Banks have been under pressure from shareholders and regulators alike. Something has got to give.
Once again, it's shaping up to be a bad year for big banks.
They're almost certain to not get as many interest rate hikes as they had hoped for at the beginning of the year. Trading desks started 2016 by catching a beating, and investment banking teams are losing a growing portion of market share to boutique upstarts, when regulators aren't killing their biggest deals . Big banks are so strapped they had to switch from cutting jobs to cutting pay.
Maybe — just maybe — it's time for Wall Street to catch a break.
What that entails (and whether big banks deserve it) is a separate debate.
It remains to be seen whether bank managers will be given a free pass from analysts, whose return-on-equity targets face the growing likelihood of going unmet, or from regulators, whose stress tests may have been eclipsed earlier this year by the realities big banks faced (successfully) in Europe and the U.K.
"There's all sorts of ways they can back off the banks," Dick Bove, equity research analyst at Rafferty Capital Markets, said of regulators.
Allowing banks to free up more capital for things like home loans would be a boost for banks, and for the U.S. economy, he added. Many market watchers have expressed concern that big banks are being regulated into utilities — that is to say, saddled with enough requirements and boxes to check that they would face low margins in virtually any economy.
But regulators, for now, look determined to head in the opposite direction, which would create additional pressure on Wall Street.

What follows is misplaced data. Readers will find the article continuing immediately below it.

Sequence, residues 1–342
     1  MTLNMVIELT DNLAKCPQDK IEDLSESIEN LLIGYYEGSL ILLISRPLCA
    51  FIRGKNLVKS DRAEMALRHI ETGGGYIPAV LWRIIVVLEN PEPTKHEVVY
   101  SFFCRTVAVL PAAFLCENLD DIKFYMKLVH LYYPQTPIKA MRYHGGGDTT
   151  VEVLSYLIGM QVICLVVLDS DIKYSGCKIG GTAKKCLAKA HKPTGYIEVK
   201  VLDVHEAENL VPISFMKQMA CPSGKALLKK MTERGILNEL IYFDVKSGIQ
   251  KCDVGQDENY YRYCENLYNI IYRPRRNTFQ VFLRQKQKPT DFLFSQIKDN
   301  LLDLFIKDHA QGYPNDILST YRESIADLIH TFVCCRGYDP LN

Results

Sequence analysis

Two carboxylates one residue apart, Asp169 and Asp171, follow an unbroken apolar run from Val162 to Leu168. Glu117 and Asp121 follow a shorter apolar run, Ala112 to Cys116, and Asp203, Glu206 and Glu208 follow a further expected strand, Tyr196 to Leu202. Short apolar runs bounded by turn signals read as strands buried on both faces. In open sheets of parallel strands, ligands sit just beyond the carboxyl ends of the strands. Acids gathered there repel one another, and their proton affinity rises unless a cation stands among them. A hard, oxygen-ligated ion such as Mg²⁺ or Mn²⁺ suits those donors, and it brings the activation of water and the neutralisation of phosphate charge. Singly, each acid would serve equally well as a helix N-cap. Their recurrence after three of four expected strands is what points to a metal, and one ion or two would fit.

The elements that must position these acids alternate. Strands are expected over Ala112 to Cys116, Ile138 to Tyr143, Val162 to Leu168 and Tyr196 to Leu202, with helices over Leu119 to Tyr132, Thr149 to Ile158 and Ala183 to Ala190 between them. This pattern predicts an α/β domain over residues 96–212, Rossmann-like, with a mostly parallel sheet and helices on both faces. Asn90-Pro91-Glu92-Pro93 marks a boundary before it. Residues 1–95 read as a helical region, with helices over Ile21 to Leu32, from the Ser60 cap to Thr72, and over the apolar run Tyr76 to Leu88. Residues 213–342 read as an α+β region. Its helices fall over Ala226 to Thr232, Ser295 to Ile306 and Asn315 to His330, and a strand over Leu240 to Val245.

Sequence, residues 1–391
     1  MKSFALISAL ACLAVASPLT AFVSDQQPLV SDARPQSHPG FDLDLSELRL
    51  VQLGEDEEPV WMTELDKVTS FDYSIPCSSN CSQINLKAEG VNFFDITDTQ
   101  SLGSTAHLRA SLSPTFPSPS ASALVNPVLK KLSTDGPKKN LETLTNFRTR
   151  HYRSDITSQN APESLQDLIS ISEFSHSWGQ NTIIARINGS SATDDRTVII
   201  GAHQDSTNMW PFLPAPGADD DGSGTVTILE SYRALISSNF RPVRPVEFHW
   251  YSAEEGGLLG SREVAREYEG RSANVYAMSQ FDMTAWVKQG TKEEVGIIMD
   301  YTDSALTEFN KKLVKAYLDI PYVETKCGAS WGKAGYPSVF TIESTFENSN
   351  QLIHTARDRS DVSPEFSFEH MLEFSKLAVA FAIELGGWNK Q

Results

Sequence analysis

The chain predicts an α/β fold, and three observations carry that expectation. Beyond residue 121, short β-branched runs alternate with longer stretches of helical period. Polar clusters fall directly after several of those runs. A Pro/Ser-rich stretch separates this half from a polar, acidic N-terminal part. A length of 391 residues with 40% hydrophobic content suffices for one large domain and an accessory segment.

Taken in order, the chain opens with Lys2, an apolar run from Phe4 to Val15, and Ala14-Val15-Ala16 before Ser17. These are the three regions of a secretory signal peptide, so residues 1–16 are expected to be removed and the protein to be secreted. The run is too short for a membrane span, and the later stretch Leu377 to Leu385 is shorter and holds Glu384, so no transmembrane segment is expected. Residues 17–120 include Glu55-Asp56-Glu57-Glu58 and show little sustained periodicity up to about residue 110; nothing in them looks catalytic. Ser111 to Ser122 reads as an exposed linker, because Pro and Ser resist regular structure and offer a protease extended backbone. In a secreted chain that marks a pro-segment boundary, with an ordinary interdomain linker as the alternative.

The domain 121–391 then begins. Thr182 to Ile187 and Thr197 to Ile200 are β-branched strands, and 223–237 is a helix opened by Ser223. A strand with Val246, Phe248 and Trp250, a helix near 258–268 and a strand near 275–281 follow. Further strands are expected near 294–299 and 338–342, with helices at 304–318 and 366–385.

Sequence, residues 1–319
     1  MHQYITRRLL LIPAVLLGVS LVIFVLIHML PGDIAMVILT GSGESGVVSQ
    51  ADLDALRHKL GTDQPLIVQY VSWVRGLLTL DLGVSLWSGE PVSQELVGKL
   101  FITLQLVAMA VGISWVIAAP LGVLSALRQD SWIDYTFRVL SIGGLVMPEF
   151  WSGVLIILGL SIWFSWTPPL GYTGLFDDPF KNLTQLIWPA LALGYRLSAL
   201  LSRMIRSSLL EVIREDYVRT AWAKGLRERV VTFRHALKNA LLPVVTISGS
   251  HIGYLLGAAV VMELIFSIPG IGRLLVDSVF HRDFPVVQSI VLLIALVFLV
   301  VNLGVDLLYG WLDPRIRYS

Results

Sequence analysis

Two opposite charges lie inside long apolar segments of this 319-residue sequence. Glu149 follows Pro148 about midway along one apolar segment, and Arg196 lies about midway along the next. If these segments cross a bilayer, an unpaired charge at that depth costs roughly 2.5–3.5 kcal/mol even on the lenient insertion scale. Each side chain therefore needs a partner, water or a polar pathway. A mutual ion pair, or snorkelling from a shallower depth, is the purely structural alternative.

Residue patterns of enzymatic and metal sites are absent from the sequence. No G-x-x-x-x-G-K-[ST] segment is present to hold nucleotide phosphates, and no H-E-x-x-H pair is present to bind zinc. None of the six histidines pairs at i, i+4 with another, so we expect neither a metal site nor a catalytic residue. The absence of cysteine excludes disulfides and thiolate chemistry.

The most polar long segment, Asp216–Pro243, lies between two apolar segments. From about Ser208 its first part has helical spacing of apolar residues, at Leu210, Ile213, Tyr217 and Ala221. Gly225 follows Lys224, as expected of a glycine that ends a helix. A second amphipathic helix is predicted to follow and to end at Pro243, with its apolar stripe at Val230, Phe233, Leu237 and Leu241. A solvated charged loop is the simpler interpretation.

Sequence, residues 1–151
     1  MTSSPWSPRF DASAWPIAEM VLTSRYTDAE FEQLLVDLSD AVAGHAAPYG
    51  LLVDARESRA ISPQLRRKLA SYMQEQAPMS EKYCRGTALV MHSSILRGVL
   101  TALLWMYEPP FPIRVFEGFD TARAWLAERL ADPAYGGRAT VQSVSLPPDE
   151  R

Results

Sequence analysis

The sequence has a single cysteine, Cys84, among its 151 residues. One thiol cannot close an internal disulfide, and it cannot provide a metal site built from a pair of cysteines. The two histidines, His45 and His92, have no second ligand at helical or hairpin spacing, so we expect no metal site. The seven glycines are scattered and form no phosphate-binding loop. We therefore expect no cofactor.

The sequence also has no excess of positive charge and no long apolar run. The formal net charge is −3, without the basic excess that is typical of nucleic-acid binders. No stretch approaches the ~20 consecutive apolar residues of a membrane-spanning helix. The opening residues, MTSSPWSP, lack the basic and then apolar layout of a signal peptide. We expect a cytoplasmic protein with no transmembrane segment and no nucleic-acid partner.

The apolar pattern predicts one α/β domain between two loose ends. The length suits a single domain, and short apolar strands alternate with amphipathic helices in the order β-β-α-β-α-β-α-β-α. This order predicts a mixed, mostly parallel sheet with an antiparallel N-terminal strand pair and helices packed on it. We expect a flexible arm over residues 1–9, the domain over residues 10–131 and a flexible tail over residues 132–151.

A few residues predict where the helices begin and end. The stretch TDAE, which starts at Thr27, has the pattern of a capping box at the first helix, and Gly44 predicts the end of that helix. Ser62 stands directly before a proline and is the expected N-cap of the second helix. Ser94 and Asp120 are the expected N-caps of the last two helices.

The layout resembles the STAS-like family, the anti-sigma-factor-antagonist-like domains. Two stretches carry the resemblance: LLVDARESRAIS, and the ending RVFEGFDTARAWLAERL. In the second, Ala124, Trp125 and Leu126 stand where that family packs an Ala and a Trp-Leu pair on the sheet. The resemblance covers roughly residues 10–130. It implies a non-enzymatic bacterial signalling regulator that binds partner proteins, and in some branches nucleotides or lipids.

It isn't clear how the Federal Reserve will approach stress testing for Wall Street banks in 2017; it already integrated negative interest rates into banks' capital plans and, based on financial services' firms responses to the Brexit vote and the expectations of ongoing fallout, it seems many have already set up effective stop-gaps to stave off crisis. At the same time, Fed Governor Daniel Tarullo, who oversees the banking system as chairman of the Federal Financial Institutions Examination Council, said he wants to make stress tests stricter by 2018.
But not everyone thinks banks deserve a break. Christopher Whalen, senior managing director at the Kroll Bond Rating Agency, said the banks are in a mess of their own making.
"It's puzzling why banks and nonbanks have positioned for higher interest rates," he said. "The notion you should position for higher rates is downright reckless."
From the looks of it, Wall Street won't have its expectations met in the way of higher rates in 2016. It isn't even clear a rate hike is coming this year at all. If one doesn't happen, that likely would mean big banks will miss projected return-on-capital estimates.
Bove said it's not the bankers who need the breaks, it is ordinary Americans, who make up the overwhelming majority of investors (be it directly, or indirectly) in Wall Street's biggest institutions. On top of that, restrictions on big banks ultimately become restrictions on average Americans' purchasing power.
"The end person who gets hit with this is not the management of banks ... it is the American people," he said. "The stocks are not keeping pace with the market."